Driving Under the Influence … of a Cell Phone

Did you know that of the 3.5 million people in the U.S. that suffer serious injuries in motor vehicle accidents, 24% involve cell phone usage?

Seven out of 10 Americans talk on the phone while driving. According to the U.S. Centers for Disease Control and Prevention, 69% of Americans had used their cell phone while driving in the last 30 days before they were surveyed. Furthermore, 31% sent or read text messages or emails while driving.

cell phones & driving

The ongoing debate over driver distraction

More and more auto manufacturers are offering hands-free/Bluetooth in car communication systems. Most people have heard of Ford’s SYNC system, and the other manufacturers have followed suit: Mercedes’ mbrace, Toyota’s enTune, Chevy’s MyLink, and so forth. Bluetooth usability is something to keep in mind when buying a new car (if you test drive a new car through Tred, we’d be delighted to walk you through its Bluetooth system).

If you’re not in the market for a new vehicle, you still have options. You may choose to purchase a Bluetooth ear piece, or you may just pull over if you absolutely need to answer a call or text (or, god forbid, you may wait until you arrive at your destination!). Just as “don’t drink and drive” has become a commonplace advisory phrase, the “don’t drive and text” campaign strikes eerie similarities.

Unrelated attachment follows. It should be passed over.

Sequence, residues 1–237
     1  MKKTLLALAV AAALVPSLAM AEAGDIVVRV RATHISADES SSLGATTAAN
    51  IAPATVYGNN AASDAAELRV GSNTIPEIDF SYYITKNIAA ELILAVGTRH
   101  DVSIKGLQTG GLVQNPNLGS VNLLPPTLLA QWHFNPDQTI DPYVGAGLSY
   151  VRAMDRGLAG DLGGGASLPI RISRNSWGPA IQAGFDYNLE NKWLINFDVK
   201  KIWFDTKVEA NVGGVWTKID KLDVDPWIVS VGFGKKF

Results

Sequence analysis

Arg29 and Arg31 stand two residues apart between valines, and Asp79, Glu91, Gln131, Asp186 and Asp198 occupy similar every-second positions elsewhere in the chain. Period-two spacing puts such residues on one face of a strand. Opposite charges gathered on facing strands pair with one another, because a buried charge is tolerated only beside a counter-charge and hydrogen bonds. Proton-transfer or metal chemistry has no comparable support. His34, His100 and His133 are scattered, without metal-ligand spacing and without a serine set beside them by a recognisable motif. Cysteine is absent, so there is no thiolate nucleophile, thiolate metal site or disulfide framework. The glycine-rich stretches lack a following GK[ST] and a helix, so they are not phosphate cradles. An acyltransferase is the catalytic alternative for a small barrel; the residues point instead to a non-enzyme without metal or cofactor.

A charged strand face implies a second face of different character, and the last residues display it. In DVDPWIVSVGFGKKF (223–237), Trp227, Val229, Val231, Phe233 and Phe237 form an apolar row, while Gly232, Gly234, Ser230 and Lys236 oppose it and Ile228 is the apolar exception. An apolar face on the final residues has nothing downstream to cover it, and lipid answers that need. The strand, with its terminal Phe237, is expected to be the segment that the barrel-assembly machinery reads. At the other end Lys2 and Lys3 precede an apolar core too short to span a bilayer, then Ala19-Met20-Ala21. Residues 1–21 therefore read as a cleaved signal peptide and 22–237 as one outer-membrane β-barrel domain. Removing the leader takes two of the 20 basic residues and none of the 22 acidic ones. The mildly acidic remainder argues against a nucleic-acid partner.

Research studies indicate that texting while driving causes greater impairment than driving while under the influence of alcohol. Of course there are many variables – level of intoxication, duration of time looking at the phone, etc. Nonetheless, using a cell phone while driving is dangerous – much more so than most people realize. Would you bring a cocktail into the car while driving? No (at least let’s hope not). This puts things into perspective, doesn’t it? Just ask yourself – is it worth the risk to others on the road, and the risk to myself, to answer that call or text right this second?

Guilty As Charged

I’ve seen more and more billboards that clearly indicate the ticket price if one is caught using a cell phone while driving. Here are some interesting statistics from the Governors Highway Safety Association regarding state by state cell phone usage road laws:

  1. Hand-held Cell Phone Use: 10 states, Puerto Rico, Guam, D.C., and the US Virgin Islands prohibit drivers from using hand-held devices while driving. In these states, you will be pulled over and ticketed regardless of your pre-existing traffic record;
  2. Novice Drivers:  36 States & DC ban cell phone use by novice drivers, and 19 states & DC ban cell phone use by bus drivers;
  3. Texting:  39 states, DC, Guam and the US Virgin Islands ban texting while driving (45 states ban novice drivers).

We’ve all heard of MADD (mothers against drunk driving), which was created in 1980 to stop drunk driving and to prevent underage drinking. In light of the data that suggests that using a cell phone while driving is more dangerous than driving drunk, it might be time to launch MAID: Mothers Against Impaired Driving. But however cell phones, drivers and municipalities harmonize, we’ll follow the story closely. Stay tuned.


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